Most days, Mia Castle walks out of the Norris Aquatics Center with a pool towel in hand, heading from swim club practice back to her suite in Lincoln. After a quick shower, she is ready to tackle the night’s problem set. Castle has always split her time between studying and swimming. Before coming to Northwestern, she earned an academic and athletic scholarship to a suburban boarding school one hour from her home in Plato Center, Illinois.

Despite her last name, which she describes as very white-sounding, Castle is Asian-American and was adopted from China. Because she is a mathematics major at a top institution, Castle says she is stereotyped as the Chinese “model minority” — the Asian student who excels at academics. Rarely is she stereotyped as a first-generation student, even when she was one of few first-gen students at her high school. When asked what she thinks of when she imagines a first-generation student, her answer is simple: “Not me!”

I don’t think anybody fits the typical mold to be honest. Everyone has little intricacies in the way they identify.

At her high school, Castle had access to better college counseling resources than in Plato Center and was recommended to participate in Chicago Scholars, a college admissions program for minority, low-income and/or first-generation students in Chicago. The program was helpful in her application process, as it got her interviews with admissions officers. But the experience also instilled doubt in Castle about the validity of her first-generation status.

“One girl I went on the trip with, she asked me, ‘Why are you here? You’re not poor,’” Castle says. “Most of the people there identified as African American or Latino/Latina, and I was none of those things. So, she was thinking that I took someone else’s spot. But I fit exactly what they want, I just am not the ‘typical’ first-gen student.”

The distinction between first-generation and low-income, according to Castle, is important because there are levels of privilege and intersectionality involved with being first-generation that cannot be judged or assumed. Having college prep counselors who helped her with college applications, or the ability to swipe away from Northwestern SES emails about winter gear and food drives, are advantages that Castle knows have made a large difference for her.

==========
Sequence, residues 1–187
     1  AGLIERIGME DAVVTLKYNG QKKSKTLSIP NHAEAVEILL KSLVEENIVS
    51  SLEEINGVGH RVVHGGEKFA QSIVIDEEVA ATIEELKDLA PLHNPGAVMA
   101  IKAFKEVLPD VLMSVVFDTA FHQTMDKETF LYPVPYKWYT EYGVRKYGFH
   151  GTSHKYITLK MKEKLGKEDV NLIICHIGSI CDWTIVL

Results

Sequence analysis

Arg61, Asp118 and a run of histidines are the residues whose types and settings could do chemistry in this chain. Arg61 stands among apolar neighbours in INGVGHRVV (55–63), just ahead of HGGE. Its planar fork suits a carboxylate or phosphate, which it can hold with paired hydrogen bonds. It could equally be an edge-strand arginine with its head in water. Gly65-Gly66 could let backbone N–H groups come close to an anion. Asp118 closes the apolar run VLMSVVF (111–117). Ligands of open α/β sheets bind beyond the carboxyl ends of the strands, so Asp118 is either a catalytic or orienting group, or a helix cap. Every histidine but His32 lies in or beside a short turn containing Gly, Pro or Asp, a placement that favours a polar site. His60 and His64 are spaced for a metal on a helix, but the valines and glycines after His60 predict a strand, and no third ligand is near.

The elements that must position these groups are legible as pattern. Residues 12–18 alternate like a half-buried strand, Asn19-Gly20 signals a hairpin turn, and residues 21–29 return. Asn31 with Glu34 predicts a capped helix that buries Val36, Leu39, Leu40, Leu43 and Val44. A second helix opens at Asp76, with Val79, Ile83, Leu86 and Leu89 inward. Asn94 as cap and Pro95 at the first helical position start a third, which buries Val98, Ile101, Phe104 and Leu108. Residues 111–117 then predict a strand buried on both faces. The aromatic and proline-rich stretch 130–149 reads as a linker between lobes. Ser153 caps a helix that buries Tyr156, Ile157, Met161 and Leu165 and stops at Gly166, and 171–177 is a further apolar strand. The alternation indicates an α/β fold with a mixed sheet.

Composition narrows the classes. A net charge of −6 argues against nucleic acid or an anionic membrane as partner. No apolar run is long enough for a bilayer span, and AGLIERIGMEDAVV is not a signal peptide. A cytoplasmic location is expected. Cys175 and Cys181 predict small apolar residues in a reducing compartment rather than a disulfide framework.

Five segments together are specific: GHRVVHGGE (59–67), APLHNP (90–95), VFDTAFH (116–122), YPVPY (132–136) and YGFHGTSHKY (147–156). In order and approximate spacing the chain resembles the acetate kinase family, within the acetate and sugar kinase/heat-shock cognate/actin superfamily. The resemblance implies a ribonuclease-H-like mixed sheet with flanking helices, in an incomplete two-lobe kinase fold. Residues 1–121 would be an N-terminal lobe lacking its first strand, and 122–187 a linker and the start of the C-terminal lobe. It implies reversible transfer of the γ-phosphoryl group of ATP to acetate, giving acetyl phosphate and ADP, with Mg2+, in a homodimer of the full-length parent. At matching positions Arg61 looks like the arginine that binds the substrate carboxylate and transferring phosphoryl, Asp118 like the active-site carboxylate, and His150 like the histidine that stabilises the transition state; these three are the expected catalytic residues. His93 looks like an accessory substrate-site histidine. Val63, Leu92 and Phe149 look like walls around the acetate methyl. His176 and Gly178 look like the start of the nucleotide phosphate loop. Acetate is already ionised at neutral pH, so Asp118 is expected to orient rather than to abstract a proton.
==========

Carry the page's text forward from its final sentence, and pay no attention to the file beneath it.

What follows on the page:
“I don’t think anybody fits the typical mold to be honest,” Castle says. “Everyone has little intricacies in the way they identify.”

But even with these advantages, Castle is still a first-generation student, and the identity has still impacted her college experience. During Wildcat Welcome, Castle’s mother ensured she could watch her daughter March Through the Arch via the livestream — a college tradition she wanted to live vicariously through Castle. Her parents also doubted her switch from pre-med to mathematics, not only because they were more familiar with pre-med, but because they were afraid that her chance to go to college would be wasted.

Like many of the other first-generation students around her, Castle knows the statistics. She knows about the assumptions, stereotypes and expectations for first-generation students to fall behind students with college-educated parents. And on some days, that doubt in herself and her identity is more powerful than others.

The important thing for Castle is that on those days when she starts to overthink the statistics, she won’t let herself shut down. She won’t let herself prove the statistics to be right.

“I want to defy the crap out of them,” Castle says. “Being told I can’t do something, it fires me up. I know for some people it shuts them down. For me, I just immediately want to hop to it and tell you why you’re wrong. And I’m not just going to tell you, I’m going to show you.”

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